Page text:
Rod Liddle

Win the Ashes, get ignored

Win the Ashes, get ignored
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Does anyone remember the England cricket team? Roger Alton makes the very good point in his Spectator sport column this week, while flicking through the runners and riders for this year’s Sports Personality of the Year, that really the England captain Andrew Strauss should win:

"...but it seems we’ve almost forgotten that we regained the Ashes this year – that shadow of 2005 stretches very long..."

Well, quite. Last week the British sports journalists association did indeed vote for the England cricket team as their team of the year – but the women, not the men. They are a notoriously perverse and pompous bunch, the sports journalists, who treat their coverage of various agreeable past-times with a grim seriousness and inflated sense of worth – but this decision is pushing it even for them. Charlotte Edwards’ team excelled themselves in winning the World Cup – but then they win the World Cup reasonably often, just as they have dominance in the Ashes. The men who are competing against players drawn from, shall we say, a rather broader sample space, on the whole, do not.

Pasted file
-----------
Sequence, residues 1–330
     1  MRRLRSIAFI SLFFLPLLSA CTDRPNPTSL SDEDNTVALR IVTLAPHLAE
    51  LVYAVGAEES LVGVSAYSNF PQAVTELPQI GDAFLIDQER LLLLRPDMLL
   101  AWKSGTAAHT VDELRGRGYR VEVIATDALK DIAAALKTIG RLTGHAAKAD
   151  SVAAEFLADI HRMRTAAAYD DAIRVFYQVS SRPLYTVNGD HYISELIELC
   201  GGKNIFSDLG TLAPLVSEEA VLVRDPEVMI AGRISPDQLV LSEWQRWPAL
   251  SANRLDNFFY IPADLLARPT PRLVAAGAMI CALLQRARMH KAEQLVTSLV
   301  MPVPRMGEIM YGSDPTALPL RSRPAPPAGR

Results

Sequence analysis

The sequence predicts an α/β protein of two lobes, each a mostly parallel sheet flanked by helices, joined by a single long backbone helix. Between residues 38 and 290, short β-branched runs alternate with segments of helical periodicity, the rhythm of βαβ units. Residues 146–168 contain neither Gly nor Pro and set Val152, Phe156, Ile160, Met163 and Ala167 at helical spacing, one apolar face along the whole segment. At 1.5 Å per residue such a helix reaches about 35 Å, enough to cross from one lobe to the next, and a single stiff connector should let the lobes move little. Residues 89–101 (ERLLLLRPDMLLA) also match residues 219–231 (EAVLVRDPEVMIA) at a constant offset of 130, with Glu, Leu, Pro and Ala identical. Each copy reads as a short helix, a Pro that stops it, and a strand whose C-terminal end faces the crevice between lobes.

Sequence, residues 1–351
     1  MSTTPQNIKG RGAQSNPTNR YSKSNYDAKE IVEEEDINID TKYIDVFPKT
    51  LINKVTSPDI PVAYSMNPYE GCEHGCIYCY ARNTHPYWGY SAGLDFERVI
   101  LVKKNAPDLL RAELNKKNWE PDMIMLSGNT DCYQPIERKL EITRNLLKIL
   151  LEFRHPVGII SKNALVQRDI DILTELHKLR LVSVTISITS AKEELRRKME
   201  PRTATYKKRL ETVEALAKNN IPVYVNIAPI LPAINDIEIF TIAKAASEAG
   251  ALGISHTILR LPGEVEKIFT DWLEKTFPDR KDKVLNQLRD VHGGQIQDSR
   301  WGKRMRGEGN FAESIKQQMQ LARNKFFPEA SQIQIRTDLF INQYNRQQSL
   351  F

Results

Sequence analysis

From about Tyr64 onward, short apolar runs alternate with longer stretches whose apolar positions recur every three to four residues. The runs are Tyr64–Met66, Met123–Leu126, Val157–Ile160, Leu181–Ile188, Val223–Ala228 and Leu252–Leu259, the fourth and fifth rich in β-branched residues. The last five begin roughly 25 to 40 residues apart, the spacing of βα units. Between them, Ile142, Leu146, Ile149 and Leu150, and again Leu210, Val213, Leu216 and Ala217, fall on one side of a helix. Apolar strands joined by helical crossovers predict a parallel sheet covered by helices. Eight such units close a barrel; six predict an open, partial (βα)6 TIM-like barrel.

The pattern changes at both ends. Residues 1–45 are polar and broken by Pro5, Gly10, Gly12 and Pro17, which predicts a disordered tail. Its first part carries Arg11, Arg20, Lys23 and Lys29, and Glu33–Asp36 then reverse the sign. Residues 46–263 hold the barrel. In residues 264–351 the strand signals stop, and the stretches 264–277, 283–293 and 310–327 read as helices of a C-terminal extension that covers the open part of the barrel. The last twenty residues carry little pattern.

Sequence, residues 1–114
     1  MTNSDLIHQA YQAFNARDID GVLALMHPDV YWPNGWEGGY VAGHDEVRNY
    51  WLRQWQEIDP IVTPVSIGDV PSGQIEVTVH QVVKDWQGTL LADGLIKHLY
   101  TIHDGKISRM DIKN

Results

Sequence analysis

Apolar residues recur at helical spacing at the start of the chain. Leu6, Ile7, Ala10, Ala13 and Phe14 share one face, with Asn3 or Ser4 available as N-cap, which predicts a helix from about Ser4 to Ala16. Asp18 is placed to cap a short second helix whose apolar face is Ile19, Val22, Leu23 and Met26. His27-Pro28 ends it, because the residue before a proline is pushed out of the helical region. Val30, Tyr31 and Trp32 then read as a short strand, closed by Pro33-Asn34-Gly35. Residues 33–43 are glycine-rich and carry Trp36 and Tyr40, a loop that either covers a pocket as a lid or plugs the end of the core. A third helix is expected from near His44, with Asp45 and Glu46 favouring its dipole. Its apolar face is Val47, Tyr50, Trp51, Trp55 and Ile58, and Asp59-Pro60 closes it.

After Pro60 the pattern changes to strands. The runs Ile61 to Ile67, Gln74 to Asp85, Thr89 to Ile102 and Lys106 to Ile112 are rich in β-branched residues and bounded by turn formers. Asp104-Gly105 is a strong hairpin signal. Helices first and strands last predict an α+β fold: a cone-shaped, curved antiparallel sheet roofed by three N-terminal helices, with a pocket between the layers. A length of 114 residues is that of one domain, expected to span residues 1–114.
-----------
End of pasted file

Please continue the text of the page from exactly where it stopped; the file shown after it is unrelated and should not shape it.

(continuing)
England’s win in the summer was only the second in 20 years and, unlike in 2005, had not been the subject of fevered speculation. Perhaps that’s why the journos were quick to write off the victory the very next day in the papers – that it did not compare to previous triumphs, wasn’t quite up to the mark. Australia was a team shorn of its Seans and Shanes and therefore not much to write home about. I disagree; it was a victory plucked from great adversity with injuries crippling our two most talismanic players, Flintoff and Pietersen, and the rest of the team cheerfully maiming itself playing football in the warm up.

Maybe the BBC will put it right, but I doubt it. As Alton says: “the cause of our best skipper for ages isn’t helped by his deeds being confined to Sky.”